Yesterday we looked at Jeremy Corbyn’s job-destroying economic views. Today, in our third piece in this series, we explore his opinions on work and welfare.
- He opposes the benefits cap. Despite the overwhelming popular support for the principle and the policy – including among Labour voters – he has repeatedly condemned the cap, calling it “social cleansing”. Yesterday at the TUC he committed again to scrap it – though his own Shadow Work and Pensions Secretary seems less than keen on the idea. In fact, he has opposed every single welfare reform since 2010.
- He opposes measures to get the unemployed back into work. Steps such as requiring the unemployed to gain experience through voluntary work or insisting that those who are unemployed due to addiction accept help were condemned by Corbyn as “punishing the poor”. Notably, when he first attacked such policies they were being proposed by the Labour Party.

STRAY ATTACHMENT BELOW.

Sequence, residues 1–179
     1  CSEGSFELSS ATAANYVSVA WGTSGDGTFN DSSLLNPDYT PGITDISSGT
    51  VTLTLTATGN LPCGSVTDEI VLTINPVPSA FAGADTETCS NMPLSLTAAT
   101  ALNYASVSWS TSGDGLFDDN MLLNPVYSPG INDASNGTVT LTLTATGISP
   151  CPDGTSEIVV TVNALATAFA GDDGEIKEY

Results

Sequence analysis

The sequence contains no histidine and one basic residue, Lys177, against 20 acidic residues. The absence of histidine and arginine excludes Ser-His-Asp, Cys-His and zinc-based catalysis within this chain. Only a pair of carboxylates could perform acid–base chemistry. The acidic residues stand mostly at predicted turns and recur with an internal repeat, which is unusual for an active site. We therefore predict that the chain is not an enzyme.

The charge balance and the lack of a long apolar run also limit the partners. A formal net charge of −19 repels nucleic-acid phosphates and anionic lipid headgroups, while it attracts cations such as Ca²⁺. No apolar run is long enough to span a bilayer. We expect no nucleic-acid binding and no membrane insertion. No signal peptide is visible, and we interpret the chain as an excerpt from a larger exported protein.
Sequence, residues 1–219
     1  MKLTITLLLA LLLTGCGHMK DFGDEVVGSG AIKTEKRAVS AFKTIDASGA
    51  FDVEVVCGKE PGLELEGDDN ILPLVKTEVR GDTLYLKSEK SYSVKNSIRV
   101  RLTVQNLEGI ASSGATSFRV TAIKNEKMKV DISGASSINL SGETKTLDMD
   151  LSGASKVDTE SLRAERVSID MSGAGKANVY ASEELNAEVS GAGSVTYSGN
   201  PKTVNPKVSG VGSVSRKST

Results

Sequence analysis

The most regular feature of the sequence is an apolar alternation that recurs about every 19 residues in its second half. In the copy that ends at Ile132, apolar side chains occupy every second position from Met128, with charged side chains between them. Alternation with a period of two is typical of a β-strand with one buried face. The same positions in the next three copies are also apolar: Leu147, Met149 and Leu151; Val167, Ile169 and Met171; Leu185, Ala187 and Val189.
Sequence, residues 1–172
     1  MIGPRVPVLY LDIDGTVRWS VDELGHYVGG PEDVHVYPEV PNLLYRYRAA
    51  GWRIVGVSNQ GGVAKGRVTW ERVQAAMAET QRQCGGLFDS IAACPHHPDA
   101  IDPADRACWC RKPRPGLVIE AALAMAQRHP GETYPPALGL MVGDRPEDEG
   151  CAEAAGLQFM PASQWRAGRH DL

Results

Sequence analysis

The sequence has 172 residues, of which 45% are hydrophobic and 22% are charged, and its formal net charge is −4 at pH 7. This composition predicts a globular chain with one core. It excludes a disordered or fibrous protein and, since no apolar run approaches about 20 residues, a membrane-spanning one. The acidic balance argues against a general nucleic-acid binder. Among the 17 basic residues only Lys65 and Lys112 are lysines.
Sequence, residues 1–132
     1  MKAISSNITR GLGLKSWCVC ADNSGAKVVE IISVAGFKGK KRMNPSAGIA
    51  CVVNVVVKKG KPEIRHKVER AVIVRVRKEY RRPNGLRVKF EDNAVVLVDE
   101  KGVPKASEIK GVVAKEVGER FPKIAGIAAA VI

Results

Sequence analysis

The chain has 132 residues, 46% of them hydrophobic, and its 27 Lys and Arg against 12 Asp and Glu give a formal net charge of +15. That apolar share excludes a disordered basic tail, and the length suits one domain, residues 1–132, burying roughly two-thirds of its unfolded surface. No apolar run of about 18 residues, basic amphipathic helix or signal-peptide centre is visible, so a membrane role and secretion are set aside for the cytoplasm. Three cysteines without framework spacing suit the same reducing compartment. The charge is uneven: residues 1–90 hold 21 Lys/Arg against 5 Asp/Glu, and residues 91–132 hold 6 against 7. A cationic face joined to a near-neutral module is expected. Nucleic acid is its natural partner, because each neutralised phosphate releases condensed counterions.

- He thinks Government should decide which jobs are “socially productive”. As mentioned in our piece on defence, he thinks Trident engineers don’t count.
- He wants to squeeze more tax out of small businesses, the engine of job creation. Collectively, small businesses create the majority of new jobs in the British economy – in 2012/13 they created a remarkable 68 per cent of new jobs. And yet according to the Corbynite economic manifesto, these companies should be targeted for more tax revenue as they are guilty of tax avoidance. The outcome would inevitably be fewer jobs.